Elinor Ostrom had a profound impact on research about institutions. She got the Nobel Prize in Economics for her work thinking about how social affairs could be governed. This goes much wider than corporate governance. It speaks how communities deal with the control of their valuable assets. Clearly this has a lot of relevance to issues around the sustainable use of natural resources, e.g., those that might be held in a common pool. “Common-pool resources include resources that are sufficiently large that excluding potential beneficiaries from using them for consumptive or non-consumptive purposes is non-trivial” (Ostrom, 2008, page 24). Classic examples might be fishing grounds or forests. It is challenging to stop those who don’t pay their fair share from using them (or even determining the fair share to pay).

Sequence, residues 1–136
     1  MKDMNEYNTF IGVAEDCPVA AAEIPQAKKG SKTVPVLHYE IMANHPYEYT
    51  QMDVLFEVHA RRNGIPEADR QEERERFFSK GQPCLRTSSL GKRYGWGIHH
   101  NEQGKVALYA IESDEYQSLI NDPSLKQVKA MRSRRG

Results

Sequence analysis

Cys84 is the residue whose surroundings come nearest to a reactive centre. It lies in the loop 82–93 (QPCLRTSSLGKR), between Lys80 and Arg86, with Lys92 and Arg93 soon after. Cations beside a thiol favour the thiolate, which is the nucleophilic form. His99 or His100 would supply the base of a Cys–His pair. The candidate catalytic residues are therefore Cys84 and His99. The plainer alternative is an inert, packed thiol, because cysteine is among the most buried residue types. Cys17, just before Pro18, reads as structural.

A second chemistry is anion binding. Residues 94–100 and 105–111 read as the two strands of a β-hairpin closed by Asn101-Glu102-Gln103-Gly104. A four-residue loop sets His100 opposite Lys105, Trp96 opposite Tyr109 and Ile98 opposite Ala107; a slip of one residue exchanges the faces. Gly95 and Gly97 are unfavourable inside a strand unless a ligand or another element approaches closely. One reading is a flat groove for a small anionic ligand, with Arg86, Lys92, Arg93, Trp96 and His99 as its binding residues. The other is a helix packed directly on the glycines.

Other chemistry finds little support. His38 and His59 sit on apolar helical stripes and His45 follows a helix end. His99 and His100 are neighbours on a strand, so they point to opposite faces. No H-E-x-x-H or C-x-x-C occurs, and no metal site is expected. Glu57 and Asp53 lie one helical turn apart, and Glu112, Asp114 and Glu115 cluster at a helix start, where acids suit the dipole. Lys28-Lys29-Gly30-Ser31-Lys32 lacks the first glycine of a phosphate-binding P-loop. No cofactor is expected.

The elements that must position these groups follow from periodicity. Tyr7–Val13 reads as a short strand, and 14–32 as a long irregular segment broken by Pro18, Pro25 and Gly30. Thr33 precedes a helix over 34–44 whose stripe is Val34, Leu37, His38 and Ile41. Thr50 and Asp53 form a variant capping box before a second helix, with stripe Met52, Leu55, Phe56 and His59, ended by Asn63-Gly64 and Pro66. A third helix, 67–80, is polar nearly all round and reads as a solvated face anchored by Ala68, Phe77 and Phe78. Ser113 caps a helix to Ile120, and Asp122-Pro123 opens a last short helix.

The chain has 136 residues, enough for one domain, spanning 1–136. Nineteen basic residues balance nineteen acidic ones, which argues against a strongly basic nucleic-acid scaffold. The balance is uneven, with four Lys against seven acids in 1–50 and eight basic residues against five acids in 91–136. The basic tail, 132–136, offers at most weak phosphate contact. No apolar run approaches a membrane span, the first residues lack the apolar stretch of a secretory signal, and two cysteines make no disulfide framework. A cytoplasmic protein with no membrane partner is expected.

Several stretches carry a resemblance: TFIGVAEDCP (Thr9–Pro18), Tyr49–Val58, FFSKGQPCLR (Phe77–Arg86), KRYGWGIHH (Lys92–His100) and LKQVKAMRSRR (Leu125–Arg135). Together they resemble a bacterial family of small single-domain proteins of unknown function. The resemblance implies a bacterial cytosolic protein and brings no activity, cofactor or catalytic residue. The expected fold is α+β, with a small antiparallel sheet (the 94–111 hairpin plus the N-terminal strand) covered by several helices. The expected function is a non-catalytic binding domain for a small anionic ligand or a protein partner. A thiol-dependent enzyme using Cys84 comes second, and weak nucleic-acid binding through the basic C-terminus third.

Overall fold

Given she was interested in what worked there is a lot of common sense in the recommendations of Ostrom. Rather than argue exclusively for private, communal, or public ownership she takes a generally more nuanced approach. Noting that “Examples exist of both successful and unsuccessful efforts to rely on private property, government property and community property” (Ostrom, 2008, page 24).
She adds: “We cause harm, however, by recommending one-size fits-all institutional prescriptions based on overly simplified models of resources to solve problems of overharvesting” (Ostrom, 2008, page 28). Rules around private property, and enforcement of those rights can be challenging. Public ownership can sometimes work but it can also fail to protect shared resources. The effectiveness of communal ownership varies widely; not least depending on how robust the local communal institutions are.
Perhaps unsurprisingly with a challenging problem like protecting natural resources the solutions are often complex and depend a lot on the precise local circumstances.
Read: Ostrom, Elinor. “Institutions and the Environment.” Economic affairs 28.3 (2008): 24-31.